I was walking in the market one day with my wife, and somebody stuck a cage in my face. And in between those slits were the saddest eyes I've ever seen. There was a very sick orangutan baby, my first encounter. That evening I came back to the market in the dark and I heard "uhh, uhh," and sure enough I found a dying orangutan baby on a garbage heap. Of course, the cage was salvaged. I took up the little baby, massaged her, forced her to drink until she finally started breathing normally.
This is Uce. She's now living in the jungle of Sungai Wain, and this is Matahari, her second son, which, by the way, is also the son of the second orangutan I rescued, Dodoy. That changed my life quite dramatically, and as of today, I have almost 1,000 orangutan babies in my two centers.
Which is—no, no, no. Wrong. It's horrible. It's a proof of our failing to save them in the wild. It's not good. This is merely proof of everyone failing to do the right thing, having more than all the orangutans in all the zoos in the world together, just now like victims for every baby, six have disappeared from the forest.
The deforestation, especially for oil palm, to provide biofuel for Western countries is what's causing these problems. And those are the peat swamp forests on 20 meters of peat, the largest accumulation of organic material in the world. When you open this for growing oil palms, you're creating CO2 volcanoes that are emitting so much CO2 that my country is now the third largest emitter of greenhouse gasses in the world, after China and the United States. And we don't have any industry at all—only because of this deforestation.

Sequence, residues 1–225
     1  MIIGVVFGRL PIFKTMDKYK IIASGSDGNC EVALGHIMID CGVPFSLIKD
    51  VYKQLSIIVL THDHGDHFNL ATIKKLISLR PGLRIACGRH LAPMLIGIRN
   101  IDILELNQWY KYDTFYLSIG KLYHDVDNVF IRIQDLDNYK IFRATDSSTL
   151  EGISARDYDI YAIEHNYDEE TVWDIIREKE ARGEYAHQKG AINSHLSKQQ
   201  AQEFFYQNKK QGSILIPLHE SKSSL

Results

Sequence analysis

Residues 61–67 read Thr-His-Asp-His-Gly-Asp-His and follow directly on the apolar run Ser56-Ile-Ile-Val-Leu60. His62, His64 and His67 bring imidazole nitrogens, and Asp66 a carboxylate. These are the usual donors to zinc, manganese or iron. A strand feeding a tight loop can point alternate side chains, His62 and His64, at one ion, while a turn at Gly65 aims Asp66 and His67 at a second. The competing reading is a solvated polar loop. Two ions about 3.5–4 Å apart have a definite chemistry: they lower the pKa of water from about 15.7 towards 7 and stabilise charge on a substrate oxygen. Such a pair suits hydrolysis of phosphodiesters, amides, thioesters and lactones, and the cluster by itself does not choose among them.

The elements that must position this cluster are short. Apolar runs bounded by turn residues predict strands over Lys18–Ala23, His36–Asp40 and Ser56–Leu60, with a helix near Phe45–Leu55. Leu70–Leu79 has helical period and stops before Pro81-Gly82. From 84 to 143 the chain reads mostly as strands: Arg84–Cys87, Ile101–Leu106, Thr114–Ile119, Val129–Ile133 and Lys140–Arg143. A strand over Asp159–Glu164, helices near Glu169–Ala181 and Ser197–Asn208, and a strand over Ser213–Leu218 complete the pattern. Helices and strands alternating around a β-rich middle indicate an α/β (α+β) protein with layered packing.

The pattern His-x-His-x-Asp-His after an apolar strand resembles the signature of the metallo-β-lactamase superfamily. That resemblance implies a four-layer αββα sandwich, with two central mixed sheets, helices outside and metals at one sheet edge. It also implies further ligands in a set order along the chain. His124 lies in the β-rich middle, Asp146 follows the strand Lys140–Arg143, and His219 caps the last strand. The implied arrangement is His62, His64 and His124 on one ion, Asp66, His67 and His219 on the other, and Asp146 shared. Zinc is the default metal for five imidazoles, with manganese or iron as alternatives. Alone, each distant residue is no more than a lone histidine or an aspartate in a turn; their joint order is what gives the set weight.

And these are horrible images. I'm not going to talk too long about it, but there are so many of the family of Uce, which are not so fortunate to live out there in the forest, that still have to go through that process. And I don't know anymore where to put them. So I decided that I had to come up with a solution for her but also a solution that will benefit the people that are trying to exploit those forests, to get their hands on the last timber and that are causing, in that way, the loss of habitat and all those victims.
So I created the place Samboja Lestari, and the idea was, if I can do this on the worst possible place that I can think of where there is really nothing left, no one will have an excuse to say, "Yeah, but ..." No. Everyone should be able to follow this.